Emma Bowen Foundation: You interned at Discovery for four summers, working with different engineering teams and the IT department. How did your role change over time there?
Njuguna Thande: Discovery was very open to me shifting departments, so my role changed to fill in gaps in my general engineering knowledge. First, I worked in system design with media engineering for two years, then software design with the IT department, and finally hardware design with facilities engineering. My diverse roles gave me a fuller understanding of an industry-level engineering operation.
EMF: Is there any specific experience at Discovery there that sticks out for you? A particular challenge or key takeaway?
The biggest thing I took away from working at Discovery was a much more thorough understanding of engineering as a whole. It gave me a much better picture of how all these teams had some connection to what I was studying.
My internships were never overly challenging but still engaging. Being a part of the engineering team, I did have a limited role. I couldn’t just order a shopping cart of $100,000 worth of equipment. But I could still be fulfilled despite not having the authority.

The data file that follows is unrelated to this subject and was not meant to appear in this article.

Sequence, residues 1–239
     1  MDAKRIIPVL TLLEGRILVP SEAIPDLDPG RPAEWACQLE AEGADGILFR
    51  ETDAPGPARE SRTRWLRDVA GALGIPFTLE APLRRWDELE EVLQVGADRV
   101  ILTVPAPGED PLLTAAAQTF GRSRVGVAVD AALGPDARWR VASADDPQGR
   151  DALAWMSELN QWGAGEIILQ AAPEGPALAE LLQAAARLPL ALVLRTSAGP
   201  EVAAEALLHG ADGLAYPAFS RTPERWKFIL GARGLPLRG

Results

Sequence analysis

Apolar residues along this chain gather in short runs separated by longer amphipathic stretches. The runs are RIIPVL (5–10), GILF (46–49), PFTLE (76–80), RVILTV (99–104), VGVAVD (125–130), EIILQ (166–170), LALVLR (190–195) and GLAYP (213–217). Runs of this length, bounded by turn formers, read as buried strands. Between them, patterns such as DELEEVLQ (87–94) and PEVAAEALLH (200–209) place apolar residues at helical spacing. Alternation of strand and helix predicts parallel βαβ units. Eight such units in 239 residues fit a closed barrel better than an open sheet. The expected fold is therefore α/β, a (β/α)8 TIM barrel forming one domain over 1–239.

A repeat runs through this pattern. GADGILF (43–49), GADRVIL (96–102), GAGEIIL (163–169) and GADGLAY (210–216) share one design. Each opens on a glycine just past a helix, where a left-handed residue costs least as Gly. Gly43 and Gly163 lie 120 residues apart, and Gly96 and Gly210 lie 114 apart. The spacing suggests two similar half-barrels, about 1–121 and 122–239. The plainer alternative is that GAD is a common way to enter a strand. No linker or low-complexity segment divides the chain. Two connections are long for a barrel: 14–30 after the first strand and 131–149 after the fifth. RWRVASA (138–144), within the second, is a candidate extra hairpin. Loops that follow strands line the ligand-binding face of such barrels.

One of the biggest moments for me at Discovery was when the company completed the “Cloud Playout” project. This was a multi-year project that involved nearly every engineering team during its various phases. As an EBF intern, I was able to contribute to it from multiple angles through different teams. So, I felt a real sense of camaraderie when the company finally brought it to its conclusion.
How did EBF prepare you for a career in media?
Joining EBF has been the best decision I’ve made. I wouldn’t have understood so many aspects of media and media technology if I hadn’t decided to become a fellow. Knowing I can lean on them has kept me on track and stopped me from losing focus when things got tough. I couldn’t be more grateful to be a part of EBF.
Career-wise, EBF allowed me to take a deep dive into how a media company works. From my internships with Discovery and EBF, I gained a lot practical experience—how to network, how to manage my managers, and more. Working at Discovery year after year helped me nail down what I liked about engineering. It created a feedback loop that helped me chart out my path forward.
What advice do you have for students working toward a career in journalism or media?
Your first internship isn’t your last internship. Your first job isn’t your last job. Don’t give up and try to get the most you can out of it. The work you do is meaningful, but it’s more important to understand the people that you work with and how they work with you. Network with others, really talk to them, and figure out who they are.